Via ACSBlog, the AP is reporting that Fourth Circuit nominees William J. Haynes and Judge Terrence Boyle of North Carolina have notified President Bush that their names be withdrawn from consideration, or in any event the White House is not going forward with their nominations. Judge Boyle, according to the Raleigh paper, did not "throw in the towel" himself.
The Washington Post has this editorial, applauding the withdrawal of these names. It says in part: "Mr. Bush's move was a wise acknowledgment of political reality, but it was also right on the merits. Democrats had valid objections to the nominations of William J. Haynes II, William G. Myers III, Terrence W. Boyle Jr. and Michael B. Wallace. Mr. Haynes, the Pentagon's general counsel, has been a key player in the military's policies on detentions and interrogations in the war on terrorism. . . . Judge Boyle, who serves on the U.S. District Court in North Carolina, has a troubling history in civil rights cases."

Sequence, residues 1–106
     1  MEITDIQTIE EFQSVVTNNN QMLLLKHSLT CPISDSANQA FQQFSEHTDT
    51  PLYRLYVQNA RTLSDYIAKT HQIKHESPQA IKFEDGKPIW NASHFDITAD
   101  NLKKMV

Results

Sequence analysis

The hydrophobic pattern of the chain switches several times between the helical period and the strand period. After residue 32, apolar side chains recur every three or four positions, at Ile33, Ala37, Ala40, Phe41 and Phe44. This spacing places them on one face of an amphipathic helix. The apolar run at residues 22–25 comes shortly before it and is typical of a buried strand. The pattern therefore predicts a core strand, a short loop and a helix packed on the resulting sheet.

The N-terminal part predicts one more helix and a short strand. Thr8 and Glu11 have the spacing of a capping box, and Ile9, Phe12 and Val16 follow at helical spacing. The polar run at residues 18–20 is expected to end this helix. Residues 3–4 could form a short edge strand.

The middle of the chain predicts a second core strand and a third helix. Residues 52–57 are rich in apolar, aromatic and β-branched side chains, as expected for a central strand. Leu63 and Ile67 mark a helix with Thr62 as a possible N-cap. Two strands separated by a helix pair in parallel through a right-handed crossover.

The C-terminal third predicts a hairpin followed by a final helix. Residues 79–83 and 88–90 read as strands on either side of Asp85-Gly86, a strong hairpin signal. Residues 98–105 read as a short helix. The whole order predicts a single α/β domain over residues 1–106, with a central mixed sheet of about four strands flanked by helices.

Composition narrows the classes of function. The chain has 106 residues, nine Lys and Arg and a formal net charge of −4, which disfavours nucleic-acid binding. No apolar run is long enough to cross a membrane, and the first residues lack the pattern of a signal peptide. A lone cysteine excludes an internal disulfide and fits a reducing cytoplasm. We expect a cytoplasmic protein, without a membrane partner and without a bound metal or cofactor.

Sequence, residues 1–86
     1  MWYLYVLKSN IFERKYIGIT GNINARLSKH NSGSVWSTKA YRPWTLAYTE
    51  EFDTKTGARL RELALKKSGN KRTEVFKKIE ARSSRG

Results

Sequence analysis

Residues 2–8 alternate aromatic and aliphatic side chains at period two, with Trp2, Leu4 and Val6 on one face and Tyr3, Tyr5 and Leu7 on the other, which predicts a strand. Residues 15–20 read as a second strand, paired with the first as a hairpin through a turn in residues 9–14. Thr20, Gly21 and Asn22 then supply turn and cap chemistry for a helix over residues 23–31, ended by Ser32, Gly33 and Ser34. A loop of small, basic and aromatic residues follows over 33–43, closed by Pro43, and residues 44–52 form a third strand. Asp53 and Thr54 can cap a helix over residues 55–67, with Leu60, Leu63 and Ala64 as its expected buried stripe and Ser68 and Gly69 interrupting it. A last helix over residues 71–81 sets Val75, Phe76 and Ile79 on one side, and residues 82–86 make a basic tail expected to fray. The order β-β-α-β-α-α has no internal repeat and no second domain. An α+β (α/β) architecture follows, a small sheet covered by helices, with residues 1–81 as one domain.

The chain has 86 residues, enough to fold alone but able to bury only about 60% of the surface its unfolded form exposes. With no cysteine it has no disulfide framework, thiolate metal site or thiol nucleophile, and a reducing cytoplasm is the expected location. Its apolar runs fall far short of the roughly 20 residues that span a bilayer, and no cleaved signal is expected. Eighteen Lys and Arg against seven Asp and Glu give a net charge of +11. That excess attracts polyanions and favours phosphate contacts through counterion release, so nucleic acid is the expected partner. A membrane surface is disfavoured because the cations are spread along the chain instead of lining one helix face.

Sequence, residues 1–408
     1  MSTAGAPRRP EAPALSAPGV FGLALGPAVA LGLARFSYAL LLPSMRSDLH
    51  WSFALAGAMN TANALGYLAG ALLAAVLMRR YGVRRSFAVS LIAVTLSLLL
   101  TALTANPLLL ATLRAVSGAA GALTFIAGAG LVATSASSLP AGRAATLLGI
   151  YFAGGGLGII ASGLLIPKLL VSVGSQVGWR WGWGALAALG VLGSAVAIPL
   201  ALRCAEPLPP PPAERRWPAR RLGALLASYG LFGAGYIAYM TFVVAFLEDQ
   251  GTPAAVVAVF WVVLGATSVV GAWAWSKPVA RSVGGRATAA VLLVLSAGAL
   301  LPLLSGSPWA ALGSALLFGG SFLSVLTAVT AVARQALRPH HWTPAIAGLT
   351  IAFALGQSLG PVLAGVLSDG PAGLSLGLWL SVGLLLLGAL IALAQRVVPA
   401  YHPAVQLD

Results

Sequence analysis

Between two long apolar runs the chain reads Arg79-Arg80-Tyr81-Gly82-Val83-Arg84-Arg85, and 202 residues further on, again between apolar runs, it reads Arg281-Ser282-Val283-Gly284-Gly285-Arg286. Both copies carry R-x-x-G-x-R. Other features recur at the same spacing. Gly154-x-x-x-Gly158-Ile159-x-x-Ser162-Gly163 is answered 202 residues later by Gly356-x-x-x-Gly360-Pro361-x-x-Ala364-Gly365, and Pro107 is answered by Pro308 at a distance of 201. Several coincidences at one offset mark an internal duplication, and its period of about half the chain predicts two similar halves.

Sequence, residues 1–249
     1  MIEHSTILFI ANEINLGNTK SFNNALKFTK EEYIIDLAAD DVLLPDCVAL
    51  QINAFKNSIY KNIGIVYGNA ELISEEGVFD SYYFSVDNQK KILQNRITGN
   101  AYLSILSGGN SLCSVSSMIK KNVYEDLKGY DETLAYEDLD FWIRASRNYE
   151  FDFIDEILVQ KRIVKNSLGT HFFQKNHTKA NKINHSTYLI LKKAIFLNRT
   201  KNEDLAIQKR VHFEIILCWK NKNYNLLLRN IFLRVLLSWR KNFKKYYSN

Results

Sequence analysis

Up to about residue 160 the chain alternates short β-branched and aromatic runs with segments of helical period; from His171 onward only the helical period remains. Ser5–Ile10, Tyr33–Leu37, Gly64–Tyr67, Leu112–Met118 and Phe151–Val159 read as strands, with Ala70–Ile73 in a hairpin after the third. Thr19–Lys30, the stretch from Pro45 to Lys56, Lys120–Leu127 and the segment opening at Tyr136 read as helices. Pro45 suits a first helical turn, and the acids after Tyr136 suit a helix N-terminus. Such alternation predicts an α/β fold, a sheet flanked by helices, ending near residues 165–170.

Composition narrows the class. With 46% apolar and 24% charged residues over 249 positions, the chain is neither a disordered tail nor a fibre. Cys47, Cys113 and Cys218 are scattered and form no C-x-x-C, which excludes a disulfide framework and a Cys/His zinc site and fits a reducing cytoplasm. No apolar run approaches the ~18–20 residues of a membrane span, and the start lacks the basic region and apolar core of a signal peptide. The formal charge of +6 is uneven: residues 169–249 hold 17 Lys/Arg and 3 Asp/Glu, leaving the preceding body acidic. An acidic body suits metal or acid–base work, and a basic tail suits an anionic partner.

Perhaps this development increases the likelihood that the White House will actually nominate one or more of the several qualified Virginia judges for vacant positions on the Fourth Circuit, including Judge Widener's seat and Judge Luttig's seat. Back in June, Virginia Lawyers Weekly listed Virginia lawyers approved by the various bar associations, including among others, Supreme Court of Virginia Justices G. Steven Agee and Donald W. Lemons, Virginia Court of Appeals Judge D. Arthur Kelsey, and U.S. District Judges Glen E. Conrad of Roanoke, James R. Spencer of Richmond, and Rebecca Beach Smith of Norfolk.
The Richmond paper's article reports that new Senator Webb expects to play an active role in the selection of nominees from Virginia. Senator Webb's list of candidates might vary a good bit from those former Senator Allen would have preferred.